Monday, April 5, 2010


Hola and welcome to my blog!

This is my first go at blogging, despite many months of good intentions. I had my hesitations, worrying that blogging was narcissistic, or that there was already an influx of foreigners blogging about the expat's view of Buenos Aires. But also, as those who live here can attest to, I don't know where the time goes in Buenos Aires - it always feels like there is something to do, places to go, people to meet and malbec to drink. But I'm here now and that's what matters, so without further ado, my first trip to the Atlantic coast in Argentina.

It may seem strange that my first post about living in Buenos Aires is not in fact about Buenos Aires, but a weekend away a coastal city called Necochea. If you're one of the few (and I use that word lightly) people left sweating it out in Buenos Aires in January and February, you get used to hearing about the coast and cities like Pinamar, because that is where a large portion of the city goes to escape the heat. I, being one of those people stuck in BA during the summer months, spent many a non-air conditioned day dreaming about the coast and feeling the wind on my face. So when an invitation to a friends' house in Neochea for Semana Santa, or the Easter long weekend came along, I jumped at the chance to finally go.

About a five-hour drive from Buenos Aires (we took the seven-hour night micro there...a story for another day because I hear that the the buses with beds or "coche camas" are normally comfortable, not freezing cold with broken seats, Van Halen blasting out the drivers' speakers, and bathrooms with lights that don't work), Necochea is a sharp contrast to the non-stop hum of BA. Wild and windy, and seemingly locked in somewhat of an eighties time warp, the city is a breath or more aptly a gust of fresh air for porteƱos (local term for people living in BA). It certainly does not have the glitz or the glam of other coastal hot spots, but it is rustic and beautiful, and in summer, when it is not quite so cold, I can imagine it as the perfect getaway.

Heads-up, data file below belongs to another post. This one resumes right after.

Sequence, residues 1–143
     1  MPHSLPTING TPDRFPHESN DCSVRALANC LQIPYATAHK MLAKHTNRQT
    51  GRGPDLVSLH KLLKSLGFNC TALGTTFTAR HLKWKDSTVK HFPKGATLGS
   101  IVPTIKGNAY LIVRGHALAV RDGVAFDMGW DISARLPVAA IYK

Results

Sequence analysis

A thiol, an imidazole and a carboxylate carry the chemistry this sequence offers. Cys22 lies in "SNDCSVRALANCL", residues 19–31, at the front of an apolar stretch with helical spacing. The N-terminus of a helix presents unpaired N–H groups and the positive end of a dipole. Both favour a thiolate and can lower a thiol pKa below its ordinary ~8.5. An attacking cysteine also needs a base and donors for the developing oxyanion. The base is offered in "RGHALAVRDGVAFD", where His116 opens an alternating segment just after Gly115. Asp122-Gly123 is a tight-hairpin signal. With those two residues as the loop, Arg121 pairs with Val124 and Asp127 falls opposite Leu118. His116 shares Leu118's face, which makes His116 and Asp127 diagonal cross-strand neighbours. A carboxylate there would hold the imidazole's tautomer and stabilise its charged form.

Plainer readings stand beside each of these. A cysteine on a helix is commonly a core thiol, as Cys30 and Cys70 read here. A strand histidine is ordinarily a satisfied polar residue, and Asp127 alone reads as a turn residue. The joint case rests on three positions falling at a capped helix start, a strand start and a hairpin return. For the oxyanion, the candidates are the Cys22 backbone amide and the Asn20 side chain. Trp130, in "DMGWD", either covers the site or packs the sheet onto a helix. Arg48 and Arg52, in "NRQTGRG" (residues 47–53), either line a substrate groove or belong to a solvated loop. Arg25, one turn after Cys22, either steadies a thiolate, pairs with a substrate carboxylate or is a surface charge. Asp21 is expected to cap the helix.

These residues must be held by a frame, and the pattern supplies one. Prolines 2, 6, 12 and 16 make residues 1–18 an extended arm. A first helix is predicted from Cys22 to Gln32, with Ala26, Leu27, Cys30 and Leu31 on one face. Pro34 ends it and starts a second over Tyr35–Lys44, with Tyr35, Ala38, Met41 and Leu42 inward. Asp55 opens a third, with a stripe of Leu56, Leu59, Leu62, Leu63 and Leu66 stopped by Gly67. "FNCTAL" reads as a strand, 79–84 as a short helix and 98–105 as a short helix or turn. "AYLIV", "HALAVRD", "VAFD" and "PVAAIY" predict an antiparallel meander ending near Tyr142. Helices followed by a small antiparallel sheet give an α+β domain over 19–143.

After watching the sun rise (stunning) over the ocean upon our early arrival on Friday, we headed out with the group staying at the house to neighbouring Costa Bonita. The winding drive is beautiful with lots of sun and sand and great little tidbits to see like this very cool shipwreck. The beaches have a very deserted vibe that I loved and we went for a hike among some incredible sand dunes that felt almost otherworldly.

We went to a great little spot for a seaside coffee with cake and eventually made our way back to Necochea, where I was happy to explore all the little stores and cafes, many of which seem completely content to remain in the style of many years gone by. There was this amazing optical place with a stash of vintage sunglasses that was unheard of. If it were located on Queen Street West in Toronto, those things would be selling for a fortune, not the equivalent of around $40 CAD.

Our friend's house had much of the local charm, with a parilla, or Argentine style barbecue, in the back yard and an incredible grape vine. While the nights are cold, it is beautiful to see the stars shining brightly. The cool air, the wind, the clear skies, the vast feeling of it all really reminded me of Canada, and made me a little homesick for the prairies, of which I call home.